Self-driving cars are currently being tested by the public in Singapore, and even safety-obsessed Volvo says it will start selling fully autonomous vehicles in five years. In other words, self-driving cars will probably be here sooner than you think.
Of course, the transition with be slow and bumpy, as the technology evolves from something more like souped-up cruise control to a fleet of entirely autonomous cars (which may or may not resemble what we know as cars today) that nearly completely eliminates the need for human drivers or private car ownership. Exact visions of that eventual self-driving future differ, but that future is coming, it's coming fast, and it's going to mean massive changes to our way of life.
What will those changes look like? There are no shortage of interesting and unexpected predictions out there from some of the country's best minds. I've rounded up a few with links for further reading if you're intrigued.
1. Cars will be the coffee shops of the future
When the occupants of a car don't actually have to drive it, what will they do instead? It's a question tackled by a recent report from agency Sparks & Honey and reported by Fast Company's Ben Schiller.
"In the 1990s, commentators started talking about the 'third place' after our homes and workplaces," he writes. "The report sees cars taking on a similar role. In turn, cars will go from being functional vehicles to get from A to B, to places where we have sex, take drugs, and educate ourselves." (OK, few to none of us do all those things in coffee shops, but you get the larger point).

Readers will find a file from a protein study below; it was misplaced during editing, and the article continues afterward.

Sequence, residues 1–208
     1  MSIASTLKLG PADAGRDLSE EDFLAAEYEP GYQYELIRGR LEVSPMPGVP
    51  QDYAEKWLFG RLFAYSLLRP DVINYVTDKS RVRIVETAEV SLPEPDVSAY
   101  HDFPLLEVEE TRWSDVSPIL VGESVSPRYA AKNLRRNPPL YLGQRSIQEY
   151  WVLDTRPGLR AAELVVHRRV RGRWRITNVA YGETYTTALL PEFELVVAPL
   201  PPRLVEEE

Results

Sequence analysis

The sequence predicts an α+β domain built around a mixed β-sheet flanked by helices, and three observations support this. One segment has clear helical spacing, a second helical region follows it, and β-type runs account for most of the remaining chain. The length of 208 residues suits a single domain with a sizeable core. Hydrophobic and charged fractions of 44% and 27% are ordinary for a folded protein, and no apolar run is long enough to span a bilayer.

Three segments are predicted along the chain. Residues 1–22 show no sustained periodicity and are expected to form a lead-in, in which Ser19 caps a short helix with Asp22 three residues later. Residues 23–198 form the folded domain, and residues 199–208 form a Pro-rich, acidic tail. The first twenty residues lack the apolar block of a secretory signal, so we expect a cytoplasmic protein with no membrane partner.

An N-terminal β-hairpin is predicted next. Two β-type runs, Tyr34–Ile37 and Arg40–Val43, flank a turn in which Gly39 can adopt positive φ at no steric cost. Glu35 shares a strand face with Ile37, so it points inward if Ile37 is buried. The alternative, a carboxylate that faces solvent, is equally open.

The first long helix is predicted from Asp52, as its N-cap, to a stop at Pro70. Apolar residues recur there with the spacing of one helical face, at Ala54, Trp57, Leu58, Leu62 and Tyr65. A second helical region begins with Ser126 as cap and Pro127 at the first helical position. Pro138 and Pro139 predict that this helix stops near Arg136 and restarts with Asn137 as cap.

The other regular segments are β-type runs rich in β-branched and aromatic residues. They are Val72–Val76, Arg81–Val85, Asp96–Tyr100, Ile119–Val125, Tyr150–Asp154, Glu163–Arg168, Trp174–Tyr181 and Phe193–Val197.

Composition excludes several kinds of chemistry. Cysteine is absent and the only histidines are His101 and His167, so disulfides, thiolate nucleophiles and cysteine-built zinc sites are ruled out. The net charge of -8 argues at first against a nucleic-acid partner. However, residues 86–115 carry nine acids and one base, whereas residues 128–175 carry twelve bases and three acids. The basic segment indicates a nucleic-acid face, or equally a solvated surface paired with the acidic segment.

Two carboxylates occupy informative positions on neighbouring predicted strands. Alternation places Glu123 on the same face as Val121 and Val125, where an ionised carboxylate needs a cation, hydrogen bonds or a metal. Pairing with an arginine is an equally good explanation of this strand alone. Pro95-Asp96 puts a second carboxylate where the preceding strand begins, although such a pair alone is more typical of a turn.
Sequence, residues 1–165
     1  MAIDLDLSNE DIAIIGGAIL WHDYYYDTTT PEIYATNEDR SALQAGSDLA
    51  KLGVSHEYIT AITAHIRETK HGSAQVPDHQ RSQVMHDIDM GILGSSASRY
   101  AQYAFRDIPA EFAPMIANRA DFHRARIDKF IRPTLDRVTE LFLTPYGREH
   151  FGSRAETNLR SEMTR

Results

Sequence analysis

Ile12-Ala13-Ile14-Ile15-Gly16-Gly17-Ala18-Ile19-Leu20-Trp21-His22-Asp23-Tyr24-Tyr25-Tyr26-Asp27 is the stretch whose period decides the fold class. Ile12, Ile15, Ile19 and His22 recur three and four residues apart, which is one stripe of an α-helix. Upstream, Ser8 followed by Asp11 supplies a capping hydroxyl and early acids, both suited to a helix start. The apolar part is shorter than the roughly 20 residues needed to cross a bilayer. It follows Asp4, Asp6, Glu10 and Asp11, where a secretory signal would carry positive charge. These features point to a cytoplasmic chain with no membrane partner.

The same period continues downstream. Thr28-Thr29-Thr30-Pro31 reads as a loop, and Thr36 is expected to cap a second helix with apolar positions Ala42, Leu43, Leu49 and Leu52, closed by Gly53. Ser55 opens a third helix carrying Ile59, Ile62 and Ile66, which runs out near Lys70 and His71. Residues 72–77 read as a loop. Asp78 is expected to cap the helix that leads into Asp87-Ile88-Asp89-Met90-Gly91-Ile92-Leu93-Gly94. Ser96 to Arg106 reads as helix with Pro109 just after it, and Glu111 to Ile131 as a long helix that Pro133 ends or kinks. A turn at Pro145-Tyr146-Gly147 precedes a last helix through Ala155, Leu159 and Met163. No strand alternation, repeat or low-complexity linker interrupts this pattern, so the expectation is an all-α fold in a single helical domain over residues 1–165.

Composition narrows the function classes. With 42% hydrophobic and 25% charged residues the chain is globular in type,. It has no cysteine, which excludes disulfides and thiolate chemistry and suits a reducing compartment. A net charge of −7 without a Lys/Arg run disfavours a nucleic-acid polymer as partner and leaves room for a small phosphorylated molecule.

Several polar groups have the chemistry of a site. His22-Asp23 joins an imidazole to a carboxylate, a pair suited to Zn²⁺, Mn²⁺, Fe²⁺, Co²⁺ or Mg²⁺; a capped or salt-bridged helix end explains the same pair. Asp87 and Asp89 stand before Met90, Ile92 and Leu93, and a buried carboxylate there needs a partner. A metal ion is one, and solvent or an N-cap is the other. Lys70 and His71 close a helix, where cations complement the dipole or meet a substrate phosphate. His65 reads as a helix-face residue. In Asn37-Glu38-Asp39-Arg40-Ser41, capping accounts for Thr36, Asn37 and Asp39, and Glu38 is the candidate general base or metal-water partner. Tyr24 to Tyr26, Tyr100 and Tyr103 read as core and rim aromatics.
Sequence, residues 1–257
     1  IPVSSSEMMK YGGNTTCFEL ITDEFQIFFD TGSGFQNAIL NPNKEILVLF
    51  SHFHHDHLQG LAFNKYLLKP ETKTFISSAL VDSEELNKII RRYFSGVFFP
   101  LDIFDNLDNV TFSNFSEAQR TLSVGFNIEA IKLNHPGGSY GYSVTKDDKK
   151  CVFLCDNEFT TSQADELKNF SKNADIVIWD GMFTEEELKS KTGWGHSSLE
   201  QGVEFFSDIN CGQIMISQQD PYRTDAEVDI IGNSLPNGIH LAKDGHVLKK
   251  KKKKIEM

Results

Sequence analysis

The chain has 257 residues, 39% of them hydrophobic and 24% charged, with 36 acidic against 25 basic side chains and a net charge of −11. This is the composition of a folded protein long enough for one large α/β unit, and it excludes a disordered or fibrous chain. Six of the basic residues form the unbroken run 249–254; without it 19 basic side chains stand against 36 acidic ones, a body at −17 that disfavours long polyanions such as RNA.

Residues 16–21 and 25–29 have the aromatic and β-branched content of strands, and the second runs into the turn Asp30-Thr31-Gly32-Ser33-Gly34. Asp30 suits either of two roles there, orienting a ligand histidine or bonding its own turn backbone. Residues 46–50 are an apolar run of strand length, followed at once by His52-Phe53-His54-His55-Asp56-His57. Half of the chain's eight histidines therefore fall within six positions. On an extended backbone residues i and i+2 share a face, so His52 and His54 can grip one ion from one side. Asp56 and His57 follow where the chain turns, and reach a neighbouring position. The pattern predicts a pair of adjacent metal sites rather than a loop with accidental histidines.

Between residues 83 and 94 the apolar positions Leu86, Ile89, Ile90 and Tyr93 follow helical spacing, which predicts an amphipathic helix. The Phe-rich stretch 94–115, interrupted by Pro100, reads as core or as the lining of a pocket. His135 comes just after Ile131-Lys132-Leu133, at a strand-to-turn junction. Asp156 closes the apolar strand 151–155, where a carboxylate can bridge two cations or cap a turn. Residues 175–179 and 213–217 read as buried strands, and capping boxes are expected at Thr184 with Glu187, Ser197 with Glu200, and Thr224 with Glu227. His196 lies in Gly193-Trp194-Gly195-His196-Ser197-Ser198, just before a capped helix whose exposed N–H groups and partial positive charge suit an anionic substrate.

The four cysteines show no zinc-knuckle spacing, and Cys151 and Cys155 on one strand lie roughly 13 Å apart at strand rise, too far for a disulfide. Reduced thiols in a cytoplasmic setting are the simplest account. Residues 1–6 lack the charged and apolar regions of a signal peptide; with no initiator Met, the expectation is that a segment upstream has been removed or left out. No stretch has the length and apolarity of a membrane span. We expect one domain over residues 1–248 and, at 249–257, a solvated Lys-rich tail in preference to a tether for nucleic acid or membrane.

2. Human drivers will be banned.
This vision of the future (no doubt an apocalyptic one for gear heads) comes from none other than Tesla and SpaceX founder Elon Musk. But don't fret driving fans, Musk doesn't see it happening anytime soon.
"In the distant future, I think it's probably going to be... people may outlaw driving cars, because it's too dangerous. You can't have a person driving a two-ton death machine," he told a 2015 technology conference.
3. Goodbye, tickets and tolls.
Zipcar co-founder Robin Chase points out that there's a whole financial infrastructure the runs parallel to our current car-centric transportation system, and that infrastructure is going to have to change radically.
"The old way of collecting taxes to pay for transportation infrastructure will be gutted. With only 10 percent of the vehicles, and electric ones at that, we can kiss goodbye to gas taxes, parking revenues, driver's licenses, and traffic fines. We'll also lose 60 to 80 percent of the toll revenue (shared trips, fewer cars), car registrations, and inspections," she writes on Backchannel.
"This reality makes me feel joy -- because whatever replaces our current means of transportation taxation is bound to be better," Chase adds. What will take its place? Probably some new system of taxes based on energy efficiency, miles driven, and peak hours usage, but that's still highly speculative.
4. More sprawl?
While Chase is hoping that we'll use the transition to autonomous vehicles to focus on energy efficiency and sustainability. Others are betting people will be less interested in saving the planet, and more interested in buying a house with a bigger yard.
"Self-driving vehicles are also likely to help the suburbs most," predicts economist Tyler Cohen in Bloomberg. "One of the worst things about the suburbs is the commute to the city or to other parts of the suburbs. But what if you could read, text or watch TV - safely -- during that commuting time? What if you could tackle your day's work just as you do on a train or plane? Commuting would seem a lot less painful. As driverless vehicles evolve to accommodate work and leisure uses of the automobile space, pleasure will replace commuting stress." The Sparks & Honey report also predicts "reverse urbanization."